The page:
WRC Factory Investigation

C.J.’s Seafood

Factory: C.J.'s Seafood

Key Buyers: Walmart

Last Updated: 2012

Case Summary

On June 5, 2012, the WRC received a complaint on behalf of C.J.’s Seafood workers from the National Guestworker Alliance (NGA). Due to the extreme nature of the violations, the WRC began expedited investigations on June 8. The vast majority of workers at the factory were from Mexico on temporary, seasonal visas. After conducting interviews with workers, the WRC found grave and systematic abuses of the rights of this highly vulnerable workforce, including grossly excessive hours of work, severe and constant harassment and psychological abuse, wages far below the legal minimum, oppressive living conditions, discrimination based on national origin, and threats of violence aimed at preventing workers from reporting these abuses to regulatory and law enforcement agencies. Taken as a whole, these conditions subjected workers to a situation that constituted forced labor, and the threats of violence made by C.J.’s management for the purpose of deterring workers from reporting the company’s violations constituted obstruction of justice under US law.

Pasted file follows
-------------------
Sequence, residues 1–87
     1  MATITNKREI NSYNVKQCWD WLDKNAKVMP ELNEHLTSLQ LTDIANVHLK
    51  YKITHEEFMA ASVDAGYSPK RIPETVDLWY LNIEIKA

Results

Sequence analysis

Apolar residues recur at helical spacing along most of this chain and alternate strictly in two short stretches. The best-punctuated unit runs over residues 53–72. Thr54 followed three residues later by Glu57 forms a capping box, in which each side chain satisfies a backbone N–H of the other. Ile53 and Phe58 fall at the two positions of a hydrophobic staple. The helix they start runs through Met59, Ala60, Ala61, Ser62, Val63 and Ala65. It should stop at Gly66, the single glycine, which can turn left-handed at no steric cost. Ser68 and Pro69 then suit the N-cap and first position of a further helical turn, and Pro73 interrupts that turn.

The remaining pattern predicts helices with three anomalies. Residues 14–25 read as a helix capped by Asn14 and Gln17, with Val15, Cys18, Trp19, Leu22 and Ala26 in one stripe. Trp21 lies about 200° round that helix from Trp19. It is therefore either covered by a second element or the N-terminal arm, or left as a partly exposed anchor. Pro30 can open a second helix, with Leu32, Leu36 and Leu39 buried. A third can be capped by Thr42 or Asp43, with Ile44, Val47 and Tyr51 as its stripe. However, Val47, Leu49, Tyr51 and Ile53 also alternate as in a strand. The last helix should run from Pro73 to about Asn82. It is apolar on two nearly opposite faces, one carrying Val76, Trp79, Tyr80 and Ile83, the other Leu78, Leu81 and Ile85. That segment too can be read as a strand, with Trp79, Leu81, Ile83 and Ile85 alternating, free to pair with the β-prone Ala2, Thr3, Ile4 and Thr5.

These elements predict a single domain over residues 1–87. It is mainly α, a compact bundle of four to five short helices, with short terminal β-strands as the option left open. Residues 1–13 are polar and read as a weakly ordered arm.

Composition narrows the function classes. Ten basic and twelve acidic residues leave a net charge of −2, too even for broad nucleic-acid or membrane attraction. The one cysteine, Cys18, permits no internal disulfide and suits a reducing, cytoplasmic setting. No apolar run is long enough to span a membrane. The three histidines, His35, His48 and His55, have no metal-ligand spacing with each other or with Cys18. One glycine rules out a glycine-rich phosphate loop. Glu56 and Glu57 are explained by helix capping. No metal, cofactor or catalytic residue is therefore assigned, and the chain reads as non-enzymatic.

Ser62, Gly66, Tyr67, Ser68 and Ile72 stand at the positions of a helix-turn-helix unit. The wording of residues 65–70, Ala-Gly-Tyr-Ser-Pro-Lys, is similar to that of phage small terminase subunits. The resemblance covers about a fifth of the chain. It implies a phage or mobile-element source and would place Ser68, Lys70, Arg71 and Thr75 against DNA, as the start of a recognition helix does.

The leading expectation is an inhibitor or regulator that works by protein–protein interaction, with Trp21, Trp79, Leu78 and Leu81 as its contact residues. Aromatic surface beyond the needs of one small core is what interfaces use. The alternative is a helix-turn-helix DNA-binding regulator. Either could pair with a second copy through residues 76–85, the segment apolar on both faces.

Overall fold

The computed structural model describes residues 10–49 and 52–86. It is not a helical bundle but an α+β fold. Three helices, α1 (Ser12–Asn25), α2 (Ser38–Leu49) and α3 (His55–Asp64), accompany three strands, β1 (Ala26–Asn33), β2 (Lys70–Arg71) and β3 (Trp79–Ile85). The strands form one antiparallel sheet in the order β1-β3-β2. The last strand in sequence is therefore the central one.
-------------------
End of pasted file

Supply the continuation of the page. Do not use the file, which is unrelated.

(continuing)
Neither the factory management nor Walmart’s investigative representative responded to the WRC’s inquiries during the investigation. Among other things, the WRC recommended that Walmart place no more orders until the factory demonstrates compliance with labor standards, that Walmart compensate workers in a manner negotiated with the workers and the NGA, and that a binding agreement to enforce labor standards at the factory be established. Walmart suspended its relationship with factory at the end of June 2012. The following month, the U.S. Department of Labor found that the company owed $76,608 in back pay to 73 workers, and fined the company for a number of serious safety violations.

Read More:

In the News: